|Type||Journal Article - Journal of Food Security|
|Title||Food Security and Nutritional Status of Children Residing in Sugarcane Growing Communities of East-Central Uganda: A Cross-sectional Study|
Undernourishment is a major public health issue in several developing countries including Uganda.
Sugarcane farming practiced in several districts of the East-central Uganda is reported to be threatening food and
nutrition security. We assessed household food and nutrition security in order to inform nutrition policy and program
design for communities engaged in cash crop production. We conducted a cross-sectional study in Jinja district eastcentral
Uganda. All households with children aged below five years in Nabitambala parish Busede sub-county were
investigated. A total of 646 children from 382 households were studied. Food security data were collected using the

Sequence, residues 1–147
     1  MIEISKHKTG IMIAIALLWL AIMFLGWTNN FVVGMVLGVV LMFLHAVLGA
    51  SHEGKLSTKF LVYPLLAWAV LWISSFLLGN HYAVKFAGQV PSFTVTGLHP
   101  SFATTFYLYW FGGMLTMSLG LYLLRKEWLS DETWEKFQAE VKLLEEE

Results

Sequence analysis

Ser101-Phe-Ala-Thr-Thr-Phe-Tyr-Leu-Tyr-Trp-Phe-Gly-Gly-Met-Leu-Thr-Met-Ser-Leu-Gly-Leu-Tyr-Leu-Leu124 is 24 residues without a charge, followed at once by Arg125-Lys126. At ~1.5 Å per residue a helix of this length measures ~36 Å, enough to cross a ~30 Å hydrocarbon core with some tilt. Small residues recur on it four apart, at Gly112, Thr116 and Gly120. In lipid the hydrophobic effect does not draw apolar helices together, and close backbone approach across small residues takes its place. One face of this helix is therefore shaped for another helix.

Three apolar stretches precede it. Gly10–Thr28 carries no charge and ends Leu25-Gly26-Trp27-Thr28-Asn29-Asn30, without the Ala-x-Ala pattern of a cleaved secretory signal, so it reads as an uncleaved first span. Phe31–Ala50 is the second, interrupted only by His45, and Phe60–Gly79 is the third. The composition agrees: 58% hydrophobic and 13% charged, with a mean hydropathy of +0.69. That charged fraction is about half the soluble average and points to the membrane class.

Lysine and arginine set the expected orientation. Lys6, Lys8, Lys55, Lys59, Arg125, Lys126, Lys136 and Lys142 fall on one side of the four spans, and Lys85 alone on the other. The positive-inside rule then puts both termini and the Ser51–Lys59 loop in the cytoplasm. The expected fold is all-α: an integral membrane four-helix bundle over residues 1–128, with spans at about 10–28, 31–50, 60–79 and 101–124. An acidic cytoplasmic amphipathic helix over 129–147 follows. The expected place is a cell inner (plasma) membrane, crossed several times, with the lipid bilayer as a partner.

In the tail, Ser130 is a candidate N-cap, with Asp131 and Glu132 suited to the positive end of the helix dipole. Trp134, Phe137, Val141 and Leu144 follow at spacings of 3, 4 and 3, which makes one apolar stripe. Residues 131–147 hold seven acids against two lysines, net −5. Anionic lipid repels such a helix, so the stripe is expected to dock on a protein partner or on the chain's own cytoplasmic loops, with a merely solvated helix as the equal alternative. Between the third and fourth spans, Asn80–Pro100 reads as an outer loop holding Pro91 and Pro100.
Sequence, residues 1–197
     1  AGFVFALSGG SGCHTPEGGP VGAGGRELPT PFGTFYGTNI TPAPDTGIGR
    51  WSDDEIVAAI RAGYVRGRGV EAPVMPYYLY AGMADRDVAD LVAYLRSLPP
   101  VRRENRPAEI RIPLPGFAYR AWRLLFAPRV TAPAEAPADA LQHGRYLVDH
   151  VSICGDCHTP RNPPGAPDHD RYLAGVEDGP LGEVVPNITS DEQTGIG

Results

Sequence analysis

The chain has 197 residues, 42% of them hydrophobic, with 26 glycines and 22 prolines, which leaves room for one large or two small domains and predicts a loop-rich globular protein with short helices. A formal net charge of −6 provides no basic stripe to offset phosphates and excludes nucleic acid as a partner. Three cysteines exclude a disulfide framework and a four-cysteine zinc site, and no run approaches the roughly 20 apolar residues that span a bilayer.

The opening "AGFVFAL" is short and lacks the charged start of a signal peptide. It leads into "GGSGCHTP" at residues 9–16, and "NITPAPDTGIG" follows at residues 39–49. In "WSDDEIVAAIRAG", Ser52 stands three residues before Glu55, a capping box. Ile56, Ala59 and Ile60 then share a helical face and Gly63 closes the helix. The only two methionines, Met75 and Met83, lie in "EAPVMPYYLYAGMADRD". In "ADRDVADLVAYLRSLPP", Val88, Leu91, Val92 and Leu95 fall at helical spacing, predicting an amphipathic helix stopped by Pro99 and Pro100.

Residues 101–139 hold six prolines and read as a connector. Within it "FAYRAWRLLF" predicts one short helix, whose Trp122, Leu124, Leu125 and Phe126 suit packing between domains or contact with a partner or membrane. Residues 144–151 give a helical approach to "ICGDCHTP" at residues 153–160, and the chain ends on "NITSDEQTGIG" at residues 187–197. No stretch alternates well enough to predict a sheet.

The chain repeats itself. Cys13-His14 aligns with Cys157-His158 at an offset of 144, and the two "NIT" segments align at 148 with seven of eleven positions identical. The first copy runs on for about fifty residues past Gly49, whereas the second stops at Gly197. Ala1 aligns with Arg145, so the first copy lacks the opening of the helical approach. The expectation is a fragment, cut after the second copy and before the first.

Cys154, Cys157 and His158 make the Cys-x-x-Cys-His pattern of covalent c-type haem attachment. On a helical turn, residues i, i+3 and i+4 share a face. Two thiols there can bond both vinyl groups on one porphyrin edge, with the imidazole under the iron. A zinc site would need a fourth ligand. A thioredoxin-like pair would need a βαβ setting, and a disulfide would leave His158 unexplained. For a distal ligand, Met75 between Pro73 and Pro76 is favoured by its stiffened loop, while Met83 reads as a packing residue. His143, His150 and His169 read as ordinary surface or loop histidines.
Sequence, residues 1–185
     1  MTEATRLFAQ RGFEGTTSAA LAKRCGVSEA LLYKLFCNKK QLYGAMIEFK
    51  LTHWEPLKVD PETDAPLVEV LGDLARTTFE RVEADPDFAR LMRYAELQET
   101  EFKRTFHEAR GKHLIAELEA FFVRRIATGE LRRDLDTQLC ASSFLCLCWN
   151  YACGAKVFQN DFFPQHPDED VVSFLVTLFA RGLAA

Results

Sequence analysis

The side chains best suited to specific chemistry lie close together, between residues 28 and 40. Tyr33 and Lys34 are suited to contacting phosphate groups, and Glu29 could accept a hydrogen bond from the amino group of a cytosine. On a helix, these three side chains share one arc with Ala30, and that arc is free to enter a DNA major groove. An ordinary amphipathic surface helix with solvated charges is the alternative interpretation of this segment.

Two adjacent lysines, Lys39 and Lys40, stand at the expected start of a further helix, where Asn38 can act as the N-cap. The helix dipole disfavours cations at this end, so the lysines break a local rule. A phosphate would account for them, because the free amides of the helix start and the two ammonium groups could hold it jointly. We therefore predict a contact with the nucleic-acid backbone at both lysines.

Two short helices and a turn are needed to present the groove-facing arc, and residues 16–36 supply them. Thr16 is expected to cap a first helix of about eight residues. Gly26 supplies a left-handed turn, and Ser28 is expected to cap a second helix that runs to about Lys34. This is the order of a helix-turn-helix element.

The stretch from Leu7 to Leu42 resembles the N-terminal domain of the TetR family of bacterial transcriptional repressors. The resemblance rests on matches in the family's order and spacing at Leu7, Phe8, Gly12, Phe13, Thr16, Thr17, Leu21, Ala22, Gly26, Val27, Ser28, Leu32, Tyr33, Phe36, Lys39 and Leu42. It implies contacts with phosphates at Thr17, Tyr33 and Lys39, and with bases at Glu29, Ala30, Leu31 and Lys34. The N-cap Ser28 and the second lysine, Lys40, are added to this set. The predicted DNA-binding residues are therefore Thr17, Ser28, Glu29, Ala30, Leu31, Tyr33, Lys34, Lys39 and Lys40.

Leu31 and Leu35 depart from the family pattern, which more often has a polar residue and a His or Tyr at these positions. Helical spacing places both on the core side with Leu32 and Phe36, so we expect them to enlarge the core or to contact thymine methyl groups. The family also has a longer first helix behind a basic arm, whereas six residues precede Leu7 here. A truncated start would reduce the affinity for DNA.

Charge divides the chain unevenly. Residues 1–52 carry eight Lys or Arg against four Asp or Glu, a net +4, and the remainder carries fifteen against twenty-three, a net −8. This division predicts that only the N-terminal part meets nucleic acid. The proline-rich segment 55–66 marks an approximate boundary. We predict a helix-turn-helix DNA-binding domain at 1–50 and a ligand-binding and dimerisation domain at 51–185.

Household Food Insecurity Access Scale. Nutritional status of the children was assessed using Height-for-Age,
Weight-for-Age and Weight-for-Height to measure stunting, underweight and wasting respectively. Standard
deviation (SD) scores (Z-scores) were applied to determine nutritional status. Statistical analysis was done using
STATA statistical software package. The prevalence of stunting, underweight and wasting was 33.3%, 27.4% and
18% respectively. Of the 382 households studied 12% were food secure while 14.7%, 23.6% and 49.7% had mild,
moderate and severe food insecurity respectively. Of the 95 households with wasted underweight and stunted
children, the majority (85.3%, 88.3% and 91%), were food insecure respectively. The percentage of households with
children who were malnourished significantly increased with increase in the number of children in the households.
There is high prevalence of malnutrition and household food insecurity in the sugarcane growing communities of
east-central Uganda. Short and long term measures are required to mitigate food insecurity and malnutrition in these
settings especially in households with many children.
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|»||Uganda - Demographic and Health Survey 2006|